LEXINGTON, Ky. (LEX 18) — It's been more than two months since the new police license plate-reading cameras were installed across Lexington and although challenged by some who still labeled it surveillance, many city leaders are pleased with the results they're seeing so far.
Lexington Police say Flock Safety has already seen success in their eyes. Data the department shared with LEX 18 shows dozens of citations issued and arrests made directly as a result of Flock alerts.
The citations included: domestic violence, probation violations, assaults, drug possession, and receiving and being in possession of stolen property.
Police say there have been 26 stolen vehicles recovered, 2 missing persons located, 10 investigations furthered, and they've located a suspect in a discarded dog case.
However, they are standing by their controversial decision not to release the camera locations. Chief Lawrence Weathers addressed the topic at a March press conference.
Open records from the department reveal the streets where Flock-related arrests and stops were made from March 22 to May 25.
Almost all of the incidents were located on Lexington's northside.
LEX 18 checked in with the council members representing the northside about this. Council member Jennifer Reynolds chose not to comment. We did not get a response from Councilmember Preston Worley.
Councilmember James Brown sent this statement:
"It's important to remember that Flock Cameras are currently in a trial period. The council is still very interested in hearing feedback from our police department and the community about their impact as we make future decisions about the cameras and policy."
Councilmember Josh McCurn told us he felt the program was working for his constituents.
"We've had a lot of activity. Every month that we continue with the Flock system. It continues to enhance and help our police department capture some of these vehicles and return the assets to their owners," said McCurn.
McCurn says he's heard from constituents in his district about how they feel the program is going.
"Overwhelming support from all of our neighborhoods for this system. The system is not a surveillance and that's a common word that's been thrown out there is surveillance. That's not what this is," said McCurn.
He's interested in seeing how the map of arrests will look once the remaining cameras are installed.
Councilmember Kloiber feels like it is surveillance and that it's not preventing crime, just reacting to it.
"I will never be a proponent to say more surveillance makes us safer, but I think that we should take those resources and get them to our police in a way that helps them prevent these crimes working with the community," said Kloiber.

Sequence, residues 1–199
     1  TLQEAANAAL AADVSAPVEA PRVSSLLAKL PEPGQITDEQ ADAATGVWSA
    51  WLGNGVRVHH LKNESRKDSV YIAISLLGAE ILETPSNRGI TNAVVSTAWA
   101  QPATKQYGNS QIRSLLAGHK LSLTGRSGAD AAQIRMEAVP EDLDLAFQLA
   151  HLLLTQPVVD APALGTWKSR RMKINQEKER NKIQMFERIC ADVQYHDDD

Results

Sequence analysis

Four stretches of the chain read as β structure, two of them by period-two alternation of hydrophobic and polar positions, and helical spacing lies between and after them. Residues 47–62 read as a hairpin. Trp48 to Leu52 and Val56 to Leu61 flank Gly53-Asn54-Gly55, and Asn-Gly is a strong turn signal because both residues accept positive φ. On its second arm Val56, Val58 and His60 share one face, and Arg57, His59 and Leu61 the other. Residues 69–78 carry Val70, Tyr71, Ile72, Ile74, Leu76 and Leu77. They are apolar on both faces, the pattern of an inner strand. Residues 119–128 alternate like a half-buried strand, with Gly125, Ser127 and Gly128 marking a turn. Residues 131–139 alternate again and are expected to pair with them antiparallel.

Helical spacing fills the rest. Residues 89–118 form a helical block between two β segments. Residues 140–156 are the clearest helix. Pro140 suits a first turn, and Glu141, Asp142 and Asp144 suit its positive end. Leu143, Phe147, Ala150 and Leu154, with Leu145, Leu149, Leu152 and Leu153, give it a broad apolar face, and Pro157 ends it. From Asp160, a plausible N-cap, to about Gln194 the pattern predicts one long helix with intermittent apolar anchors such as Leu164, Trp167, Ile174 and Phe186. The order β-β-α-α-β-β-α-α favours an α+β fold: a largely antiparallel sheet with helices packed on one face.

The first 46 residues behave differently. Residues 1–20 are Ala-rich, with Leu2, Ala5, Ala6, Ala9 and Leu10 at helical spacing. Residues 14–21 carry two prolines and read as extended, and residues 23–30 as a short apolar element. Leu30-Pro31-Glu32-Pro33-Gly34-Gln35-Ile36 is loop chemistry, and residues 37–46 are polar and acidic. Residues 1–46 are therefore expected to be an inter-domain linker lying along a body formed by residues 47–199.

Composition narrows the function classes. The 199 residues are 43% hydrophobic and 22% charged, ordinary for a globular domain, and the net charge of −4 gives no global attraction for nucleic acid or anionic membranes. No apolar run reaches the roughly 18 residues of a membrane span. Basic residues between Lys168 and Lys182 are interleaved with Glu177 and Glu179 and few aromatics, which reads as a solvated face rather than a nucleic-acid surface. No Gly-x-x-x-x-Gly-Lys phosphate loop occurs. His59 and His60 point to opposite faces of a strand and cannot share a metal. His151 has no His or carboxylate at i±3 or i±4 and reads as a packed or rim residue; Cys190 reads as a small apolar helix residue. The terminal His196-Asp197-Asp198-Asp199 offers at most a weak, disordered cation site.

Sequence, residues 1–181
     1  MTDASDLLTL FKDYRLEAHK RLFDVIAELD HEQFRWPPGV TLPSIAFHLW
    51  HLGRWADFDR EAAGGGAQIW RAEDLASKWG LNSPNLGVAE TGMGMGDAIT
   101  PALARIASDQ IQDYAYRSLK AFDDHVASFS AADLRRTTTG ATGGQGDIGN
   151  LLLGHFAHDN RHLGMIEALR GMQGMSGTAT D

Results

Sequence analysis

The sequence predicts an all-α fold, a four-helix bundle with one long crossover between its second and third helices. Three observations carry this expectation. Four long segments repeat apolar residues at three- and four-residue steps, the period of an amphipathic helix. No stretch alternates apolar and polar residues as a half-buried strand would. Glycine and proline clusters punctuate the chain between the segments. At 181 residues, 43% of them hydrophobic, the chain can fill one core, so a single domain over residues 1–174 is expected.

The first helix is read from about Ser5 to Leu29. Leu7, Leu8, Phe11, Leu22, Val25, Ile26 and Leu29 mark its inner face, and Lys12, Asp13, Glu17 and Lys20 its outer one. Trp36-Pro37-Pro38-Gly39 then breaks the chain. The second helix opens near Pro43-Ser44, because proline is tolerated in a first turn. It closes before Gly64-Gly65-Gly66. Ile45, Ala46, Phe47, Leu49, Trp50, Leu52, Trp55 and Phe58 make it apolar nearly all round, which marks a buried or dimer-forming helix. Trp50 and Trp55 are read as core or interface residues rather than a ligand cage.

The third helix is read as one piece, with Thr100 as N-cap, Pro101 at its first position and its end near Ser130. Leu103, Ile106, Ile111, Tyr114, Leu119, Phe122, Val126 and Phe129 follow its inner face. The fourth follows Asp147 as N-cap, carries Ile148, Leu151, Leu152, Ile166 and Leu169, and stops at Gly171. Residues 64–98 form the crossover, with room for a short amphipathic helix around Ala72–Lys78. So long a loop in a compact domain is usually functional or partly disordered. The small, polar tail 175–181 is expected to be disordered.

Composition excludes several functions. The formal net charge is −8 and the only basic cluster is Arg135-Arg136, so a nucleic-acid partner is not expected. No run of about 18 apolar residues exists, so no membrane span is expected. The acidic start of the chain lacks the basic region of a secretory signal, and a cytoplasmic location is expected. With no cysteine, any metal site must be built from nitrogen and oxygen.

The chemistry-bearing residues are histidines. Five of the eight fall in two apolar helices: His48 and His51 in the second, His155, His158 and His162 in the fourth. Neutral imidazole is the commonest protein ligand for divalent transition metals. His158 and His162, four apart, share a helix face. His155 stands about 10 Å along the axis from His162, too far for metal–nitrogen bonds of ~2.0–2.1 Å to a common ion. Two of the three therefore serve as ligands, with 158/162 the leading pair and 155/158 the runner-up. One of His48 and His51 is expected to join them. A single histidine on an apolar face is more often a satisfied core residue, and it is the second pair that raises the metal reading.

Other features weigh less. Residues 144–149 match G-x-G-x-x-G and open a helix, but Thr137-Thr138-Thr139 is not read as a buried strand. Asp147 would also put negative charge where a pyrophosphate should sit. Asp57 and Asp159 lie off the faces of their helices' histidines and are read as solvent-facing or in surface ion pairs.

He says while his constituents are concerned about crime, he isn't sure how the program is making them safer.
"My constituents are very concerned about the rising groups of people that are coming to our neighborhood stealing cars, stealing guns out of cars," said Kloiber. "They have the same concerns as everyone else, but these cameras aren't preventing it. Neither are people's Ring doorbell cameras or any other surveillance we have. Surveillance doesn't prevent crime it only helps us after the fact."
What Kloiber would like to see is the money invested for next year's Flock program used instead to fully implement G.V.I. A program Mayor Linda Gorton has spoken out against.
"I think that we can absolutely stand behind the police in helping them to get the resources they need to solve the crimes that need to be solved but right now we have an issue with prevention, and we need to be focusing our efforts on preventing these violent comes from happening before it takes place. And since we've had these Flock cameras in place, we've had another 11 to 13 homicides that these Flock cameras have in no way prevented," said Kloiber.
Since their installation, LEX 18 has also gotten questions during Flock calls, asking about the large police response and sometimes the police helicopter.
The largest police presence recorded was 19 officers for a call on Winchester road last month. Even though neighbors say they saw the police helicopter 'Air One', a spokesperson with the department says Air One did not respond to that call and that the helicopter was just in the vicinity of an unrelated call.
Police told us Air One is not generally called out for license plate reader alerts but may respond if it's already flying. Records show it did respond to two Flock-related calls.
One for a domestic violence assault with a minor injury. Another for receiving stolen property less than $1,000.
How they respond to license plate reader alerts is based on the "totality of circumstances," police said. Not every alert gets a response, and some situations call for a large response.
For example, if the suspects of a stolen vehicle choose to flee on foot into a wooded area, more officers will be dispatched to set up a perimeter, police added.
It is still just a pilot program for now. Flock Safety is free to the city for a year to try out. The program ends in 10 months. Then the city will have to decide if the Flock cameras are here to stay and worth the $275,000 the mayor has already budgeted to pay for 75 more.
Here's what Mayor Linda Gorton had to say about the program so far:
"A little over two months into the pilot project, and so far, we have seen successes. Even though we have only installed about half of the 25 readers that are part of the pilot, stolen vehicles have been recovered, missing persons located, and we caught a man who threw a dog's body into a dumpster. It's important that we give our police officers the best tools and technology to help them solve crimes. That's what this pilot project is testing."